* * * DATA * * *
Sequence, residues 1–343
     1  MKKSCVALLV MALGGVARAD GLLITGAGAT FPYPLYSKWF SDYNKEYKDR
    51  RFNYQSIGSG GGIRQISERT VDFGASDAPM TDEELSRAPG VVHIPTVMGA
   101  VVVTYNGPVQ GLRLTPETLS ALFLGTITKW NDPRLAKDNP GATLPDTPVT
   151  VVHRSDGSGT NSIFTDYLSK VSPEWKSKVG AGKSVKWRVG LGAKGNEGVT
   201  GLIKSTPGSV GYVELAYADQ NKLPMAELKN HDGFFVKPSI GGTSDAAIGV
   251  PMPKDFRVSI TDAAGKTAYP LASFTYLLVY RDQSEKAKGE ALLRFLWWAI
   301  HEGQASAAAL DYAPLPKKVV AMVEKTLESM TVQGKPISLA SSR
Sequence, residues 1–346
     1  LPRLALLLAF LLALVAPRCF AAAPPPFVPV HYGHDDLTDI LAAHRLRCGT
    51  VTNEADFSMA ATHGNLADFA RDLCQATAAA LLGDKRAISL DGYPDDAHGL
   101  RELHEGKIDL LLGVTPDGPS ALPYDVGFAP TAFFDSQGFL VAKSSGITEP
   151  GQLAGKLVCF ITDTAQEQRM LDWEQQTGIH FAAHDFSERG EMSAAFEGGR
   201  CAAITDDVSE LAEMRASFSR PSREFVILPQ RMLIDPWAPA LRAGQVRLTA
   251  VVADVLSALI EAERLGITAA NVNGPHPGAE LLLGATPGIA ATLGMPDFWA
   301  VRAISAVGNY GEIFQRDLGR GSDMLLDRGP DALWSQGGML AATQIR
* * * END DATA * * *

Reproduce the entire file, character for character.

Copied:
Sequence, residues 1–343
     1  MKKSCVALLV MALGGVARAD GLLITGAGAT FPYPLYSKWF SDYNKEYKDR
    51  RFNYQSIGSG GGIRQISERT VDFGASDAPM TDEELSRAPG VVHIPTVMGA
   101  VVVTYNGPVQ GLRLTPETLS ALFLGTITKW NDPRLAKDNP GATLPDTPVT
   151  VVHRSDGSGT NSIFTDYLSK VSPEWKSKVG AGKSVKWRVG LGAKGNEGVT
   201  GLIKSTPGSV GYVELAYADQ NKLPMAELKN HDGFFVKPSI GGTSDAAIGV
   251  PMPKDFRVSI TDAAGKTAYP LASFTYLLVY RDQSEKAKGE ALLRFLWWAI
   301  HEGQASAAAL DYAPLPKKVV AMVEKTLESM TVQGKPISLA SSR
Sequence, residues 1–346
     1  LPRLALLLAF LLALVAPRCF AAAPPPFVPV HYGHDDLTDI LAAHRLRCGT
    51  VTNEADFSMA ATHGNLADFA RDLCQATAAA LLGDKRAISL DGYPDDAHGL
   101  RELHEGKIDL LLGVTPDGPS ALPYDVGFAP TAFFDSQGFL VAKSSGITEP
   151  GQLAGKLVCF ITDTAQEQRM LDWEQQTGIH FAAHDFSERG EMSAAFEGGR
   201  CAAITDDVSE LAEMRASFSR PSREFVILPQ RMLIDPWAPA LRAGQVRLTA
   251  VVADVLSALI EAERLGITAA NVNGPHPGAE LLLGATPGIA ATLGMPDFWA
   301  VRAISAVGNY GEIFQRDLGR GSDMLLDRGP DALWSQGGML AATQIR